In the early days of World War I, France experienced heavy fighting with Germany. In dire peril of defeat, they requested the immediate assistance of the United States Armed Forces. One of the first units to deploy to France was the Harlem Hellfighters. They were a National Guard Unit comprised of African-American men from New York and several surrounding states. Later, they were re-designated as the 369th Infantry. The Germans called them “Hellfighters” because of their deadly hand-to-hand fighting skills and ability to avoid capture.
The Harlem Hellfighters deployed with 2,000 members. By the last days of the war, they had lost 1,300 to death or severe wounds. The unit had the highest casualty rate of any American regiment; however, they never lost a trench. They also never lost a soldier to enemy capture. The Hellfighters spent more days in the trenches than any other U.S. infantry unit. They were also the first American unit to reach the Rhine. Unit members received 170 Croix de Guerre awards for bravery from France. Several members received the Distinguished Service Cross and the Medal of Honor.
These fighting men deployed from a hyper-segregated America rife with riots and lynchings and entered the color-blind culture of France. The Hellfighters were assigned directly under French command. The trench-experienced, unbigoted French infantry welcomed them with open arms. Due to the language barrier, the French soldiers had to conduct an ad hoc game of tactical charades; demonstrating trench-clearing tactics to the New York soldiers was a challenge. The Harlem Hellfighters had to learn trench and raiding tactics, plus become proficient with their newly issued French equipment. The arsenal had Lebel rifles, French maps, rifle-fired grenades and machine guns. The New Yorkers also carried the infamous three-pound, nine-inch-blade bolo knife. Peter N. Nelson documents the unit’s exploits in his book, “A More Unbending Battle.”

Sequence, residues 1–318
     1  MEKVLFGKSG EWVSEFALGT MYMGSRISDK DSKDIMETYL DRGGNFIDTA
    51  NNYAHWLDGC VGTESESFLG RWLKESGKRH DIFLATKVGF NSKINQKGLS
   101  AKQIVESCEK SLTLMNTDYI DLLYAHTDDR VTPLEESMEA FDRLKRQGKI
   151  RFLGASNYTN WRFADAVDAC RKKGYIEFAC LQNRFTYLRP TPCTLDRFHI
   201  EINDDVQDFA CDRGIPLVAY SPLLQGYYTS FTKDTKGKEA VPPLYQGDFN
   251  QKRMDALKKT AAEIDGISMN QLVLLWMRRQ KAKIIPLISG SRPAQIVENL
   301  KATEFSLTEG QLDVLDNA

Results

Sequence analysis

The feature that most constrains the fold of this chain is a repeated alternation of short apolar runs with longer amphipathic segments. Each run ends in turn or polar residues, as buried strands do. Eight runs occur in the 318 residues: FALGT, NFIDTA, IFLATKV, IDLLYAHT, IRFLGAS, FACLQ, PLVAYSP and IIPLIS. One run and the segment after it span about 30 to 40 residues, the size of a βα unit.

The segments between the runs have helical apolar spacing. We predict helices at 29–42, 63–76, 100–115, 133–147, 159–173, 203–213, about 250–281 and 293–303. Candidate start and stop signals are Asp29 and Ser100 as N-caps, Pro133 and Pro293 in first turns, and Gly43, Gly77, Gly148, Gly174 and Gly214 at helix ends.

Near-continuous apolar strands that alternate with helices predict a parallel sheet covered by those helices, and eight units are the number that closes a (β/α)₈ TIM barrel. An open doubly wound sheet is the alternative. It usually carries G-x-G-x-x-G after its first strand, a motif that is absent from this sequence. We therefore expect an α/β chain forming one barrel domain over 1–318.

One of the more famous Harlem Hellfighters of the New York unit was Lt. Jim Europe. He was a driven bandleader who volunteered to be one of the first to go on a raid with the French. The raiding party taught Europe to sanitize his gear. Sanitizing meant removing any pocket litter that could be used as intel if captured or killed during the raid. After the French had Europe shed his helmet for soft headgear and armed him with a pistol, they peppered their objective with heavy artillery fire.
Europe was the first Harlem Hellfighter to leave the wire on a raid. The Hellfighters soon repeatedly conducts raids like these. They’d kill and capture Germans until the war’s end. While known as a disciplined bandleader in the States, he would later be credited for introducing Jazz to France. His band was comprised of soldiers who played for the French army during their deployment. They eventually played concerts, parades and recorded music back home.
During one stretch of time of their deployment, a German sniper plagued the 369th . He’d target the runners bringing food to the entrenched soldiers. Unfortunately, the Hellfighters in the observation posts were unable to locate the sniper’s position. This continued until Corporal Horace Pippen and another American soldier volunteered to end it. They ventured out past the trenches and the observation posts into the area where the sniper might be.
The duo reconnoitered throughout the night and eventually found a location to set up watch. However, unlike the days prior, there was no sniper fire for breakfast. Cold, tired and hungry, Pippen stayed in place and remained stationary for several more hours. Then, at lunchtime, the sniper fired one single shot causing the foliage to break around his position. Pippen saw it and fired one shot into the suspected hide. A fellow corporal confirmed the hit by watching the sniper’s body fall from the tree.